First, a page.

BCSE mentioned in the NCSE-News update (02/11/2006)

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BCSE mentioned in the NCSE-News update (02/11/2006)

Postby Anonymous » Sat Nov 04, 2006 10:15 am

Dear Friends of NCSE,

A summary of recent creationism/evolution controversies around the world,
while in Kansas, evolution education is still a factor in electoral
campaigns. And kudos for Eugenie C. Scott from the American
Anthropological Association.


Although the United States remains the bastion of creationism, the rest of
the world is not invulnerable. Creationism is a worldwide phenomenon, in
which antievolutionary materials produced by the centers of creationism in
the United States are exported overseas, either wholesale or with
modifications to suit the local milieu; often there is reimportation, as
creationists overseas become major players in their own right and are then
welcomed by the legions of creationists in the United States. (The
young-earth creationist ministry Answers in Genesis is a case in point:
based in Florence, Kentucky, its chief executive officer is the Australian
Ken Ham.) Perhaps owing to the spate of media coverage of recent defeats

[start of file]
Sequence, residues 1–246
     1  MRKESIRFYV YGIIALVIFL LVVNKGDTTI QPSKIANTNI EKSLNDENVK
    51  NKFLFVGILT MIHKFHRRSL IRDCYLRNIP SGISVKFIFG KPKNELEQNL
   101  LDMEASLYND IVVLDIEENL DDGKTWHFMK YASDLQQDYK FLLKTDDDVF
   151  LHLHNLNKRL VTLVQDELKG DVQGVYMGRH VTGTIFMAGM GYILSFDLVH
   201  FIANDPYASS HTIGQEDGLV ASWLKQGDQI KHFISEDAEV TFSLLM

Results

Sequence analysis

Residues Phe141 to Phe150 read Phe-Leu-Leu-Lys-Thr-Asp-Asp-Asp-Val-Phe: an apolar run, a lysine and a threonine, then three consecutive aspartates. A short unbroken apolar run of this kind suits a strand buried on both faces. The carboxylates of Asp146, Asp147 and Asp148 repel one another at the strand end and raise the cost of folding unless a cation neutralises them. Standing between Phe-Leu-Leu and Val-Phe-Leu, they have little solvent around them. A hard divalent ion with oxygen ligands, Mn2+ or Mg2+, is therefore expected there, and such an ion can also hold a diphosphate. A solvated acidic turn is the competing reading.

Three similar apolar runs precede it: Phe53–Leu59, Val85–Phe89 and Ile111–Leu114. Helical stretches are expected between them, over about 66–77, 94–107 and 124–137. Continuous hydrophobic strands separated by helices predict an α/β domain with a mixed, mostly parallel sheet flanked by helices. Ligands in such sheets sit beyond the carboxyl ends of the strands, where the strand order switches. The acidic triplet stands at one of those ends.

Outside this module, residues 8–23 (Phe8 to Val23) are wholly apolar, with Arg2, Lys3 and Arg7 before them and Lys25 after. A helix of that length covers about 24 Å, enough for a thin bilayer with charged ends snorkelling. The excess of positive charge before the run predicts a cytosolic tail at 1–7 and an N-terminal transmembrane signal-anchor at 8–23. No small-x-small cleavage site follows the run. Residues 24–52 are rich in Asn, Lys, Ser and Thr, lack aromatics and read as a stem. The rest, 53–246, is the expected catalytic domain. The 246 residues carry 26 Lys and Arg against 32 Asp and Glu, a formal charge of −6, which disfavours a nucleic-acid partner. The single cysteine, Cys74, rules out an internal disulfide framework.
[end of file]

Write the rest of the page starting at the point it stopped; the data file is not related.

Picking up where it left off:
for creationism in the United States -- the decision in Kitzmiller v. Dover
in December 2005, the Ohio state board of education's removal of the
"critical analysis of education" lesson plan in February 2006, and the
primary election results for the Kansas state board of education in August
2006 -- stories about evolution education and attempts to compromise it
have been in the news around the world.

In Canada, the Quebec Ministry of Education is launching a crackdown on
unlicensed evangelical schools, following a complaint from Pierre Daoust,
director-general of the Commission Scolaire au Coeur-des-Vallees in Thurso,
Quebec, about the failure of such schools to follow the provincial